So the next time you go out on a trail, ‘see’ where you’re going.  Look around.  TURN OFF your cell phone!!  But remember to always leave a note on the windshield of your vehicle back at the barn letting folks know where you’re going and the time you expect to be back.  I like to let folks know my ‘general’ area to be ridden but most know that if I say “back by 4 pm”, they always add a couple hours to it.  Usually I’m back in the barnyard by dark not because I’m concerned of the dark but as it gets darker, Nic walks faster.  HE’S thinking about the hay in the manger and grain he’ll get when back at the barn.  And we all know horses walk faster back to the barn than away!

 

Stay Safe.....

 

Bonnie & Nic

horsecamping@comcast.net


RAIN, CREEKS AND COWBOY HATS

January 28, 2016

Here in California we’ve had 4, 5 years of drought, no rain.  Creeks dried up.  Dams had no water to release.  Lakes evaporated with thousands of dead fish laying in the sun.   

 

The last couple months we’ve had rain.  But luckily, the rain has fallen on an almost schedule, 2 days of rain with a couple days of no rain, then another 2 days of rain and so on.  It’s allowed water to soak into the ground.  Streams are beginning to flow again.  And all the pasture horses have discovered that the sandy, pebbly stream bed is for more than a great roll in the sand and sunning in the sun.

 

Something old with suddenly become something new even though they’ve been through it or walked by it a thousand times!  A couple mares with foals by side walked into the water but the foals stood on the bank and fussed until they got up courage to go into the water.  Then they played in it.  First time I rode Nic down to the creek with the idea of crossing through the 10 or so inches of water one would have thought alligators were hiding under that water!  He snorted, backed up a couple feet, moved forward and when a wayward branch rushed by in the flow, he froze and stood there staring at it.  A water snake to eat him I think he thought.  Doesn’t matter he had crossed in that same spot – dry and wet -- a few thousand times before even when water was racing through it 3 feet deep.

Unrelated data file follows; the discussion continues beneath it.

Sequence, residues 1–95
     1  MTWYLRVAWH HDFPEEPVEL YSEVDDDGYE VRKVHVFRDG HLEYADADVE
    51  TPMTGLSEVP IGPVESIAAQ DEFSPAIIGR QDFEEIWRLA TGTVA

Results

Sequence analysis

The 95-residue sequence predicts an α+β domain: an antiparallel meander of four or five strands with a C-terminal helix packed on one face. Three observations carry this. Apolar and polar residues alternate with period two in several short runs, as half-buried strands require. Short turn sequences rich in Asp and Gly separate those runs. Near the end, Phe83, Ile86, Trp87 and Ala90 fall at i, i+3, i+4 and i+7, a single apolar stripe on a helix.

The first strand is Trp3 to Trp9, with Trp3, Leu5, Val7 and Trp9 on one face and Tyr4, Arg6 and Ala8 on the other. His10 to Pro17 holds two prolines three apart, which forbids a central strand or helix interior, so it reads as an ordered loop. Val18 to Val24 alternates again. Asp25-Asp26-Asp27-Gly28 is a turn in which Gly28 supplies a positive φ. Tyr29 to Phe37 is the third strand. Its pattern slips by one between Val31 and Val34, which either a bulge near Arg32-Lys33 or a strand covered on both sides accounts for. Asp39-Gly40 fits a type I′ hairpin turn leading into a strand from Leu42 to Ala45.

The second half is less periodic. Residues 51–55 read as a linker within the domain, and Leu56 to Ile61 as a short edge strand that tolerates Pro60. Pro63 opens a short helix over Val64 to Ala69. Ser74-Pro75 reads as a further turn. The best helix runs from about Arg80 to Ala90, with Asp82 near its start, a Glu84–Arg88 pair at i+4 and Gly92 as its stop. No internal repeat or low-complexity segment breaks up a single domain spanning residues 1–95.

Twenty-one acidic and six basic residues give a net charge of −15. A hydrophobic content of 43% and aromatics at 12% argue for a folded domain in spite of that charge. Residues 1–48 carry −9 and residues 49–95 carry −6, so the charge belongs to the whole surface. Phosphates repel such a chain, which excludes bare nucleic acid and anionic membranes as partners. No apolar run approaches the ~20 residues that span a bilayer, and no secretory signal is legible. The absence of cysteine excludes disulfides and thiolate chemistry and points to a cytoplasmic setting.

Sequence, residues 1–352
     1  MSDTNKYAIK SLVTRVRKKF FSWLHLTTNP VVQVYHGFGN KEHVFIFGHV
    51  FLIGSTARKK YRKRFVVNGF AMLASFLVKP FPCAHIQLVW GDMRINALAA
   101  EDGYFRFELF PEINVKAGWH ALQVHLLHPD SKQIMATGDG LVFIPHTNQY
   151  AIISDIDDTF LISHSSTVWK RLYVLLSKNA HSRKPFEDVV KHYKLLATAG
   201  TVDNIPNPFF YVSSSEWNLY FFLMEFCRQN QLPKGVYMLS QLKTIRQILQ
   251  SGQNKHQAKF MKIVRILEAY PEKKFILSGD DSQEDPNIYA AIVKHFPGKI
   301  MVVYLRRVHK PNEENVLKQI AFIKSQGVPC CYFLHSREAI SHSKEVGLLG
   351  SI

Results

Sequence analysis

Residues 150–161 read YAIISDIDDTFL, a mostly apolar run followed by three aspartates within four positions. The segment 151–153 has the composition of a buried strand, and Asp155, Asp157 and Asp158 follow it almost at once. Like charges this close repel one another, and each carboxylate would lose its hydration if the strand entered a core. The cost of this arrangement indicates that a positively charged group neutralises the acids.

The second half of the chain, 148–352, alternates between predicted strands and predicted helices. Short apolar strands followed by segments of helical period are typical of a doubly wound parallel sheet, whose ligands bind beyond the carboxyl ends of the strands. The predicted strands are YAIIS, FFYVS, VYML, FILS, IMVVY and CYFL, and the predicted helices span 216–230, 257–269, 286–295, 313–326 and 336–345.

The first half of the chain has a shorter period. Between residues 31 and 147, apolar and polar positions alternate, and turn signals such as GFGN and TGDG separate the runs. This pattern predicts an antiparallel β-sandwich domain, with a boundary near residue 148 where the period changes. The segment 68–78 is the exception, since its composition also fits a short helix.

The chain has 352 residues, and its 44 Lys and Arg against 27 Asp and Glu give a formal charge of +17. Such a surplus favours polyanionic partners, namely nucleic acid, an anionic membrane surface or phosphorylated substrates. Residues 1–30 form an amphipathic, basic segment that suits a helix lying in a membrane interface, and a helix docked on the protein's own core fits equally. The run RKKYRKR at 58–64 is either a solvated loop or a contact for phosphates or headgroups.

A couple of the horses in barn stalls just stood and watched the rain out of their stall doors.  Some stood in the paddocks with backs humped like I’m-soaking-wet-someone-put-a-blanket-on-me!  One horse was moved into an enclosed stall – no paddock – because she stood out in the pouring rain and pawed in the mud puddles she quickly made.  Once she had dug a couple good puddles and they filled with water – she laid down and rolled in them!  Others stood in nice, cozy, stalls all warm and dry while watching owners and management slosh in the rain and mud digging ditches or cleaning gutters to keep puddles and rain from flooding stalls!

 

But all this ‘discovery’ and ‘rediscovery’ didn’t just apply to animals.  It applied to humans too.  Some kids had never seen rain before.  It hasn’t rained that much in California since they were born.  One of the boarders brought his 6 year old grandson out to the barn.  The grandson had been out before but the weather was always dry.  Sometimes even hot.  Grandson got out of the truck with his new puddle boots, slicker on.  He stood and looked around at all the water flowing everywhere.  He held out his hand to let some of the rain drops pool in his palm and then announced excitedly, “Gosh, grandpa, it’s raining here like at home.  Can I fill my hat and give Dutch a drink from it like cowboys REALLY do!!”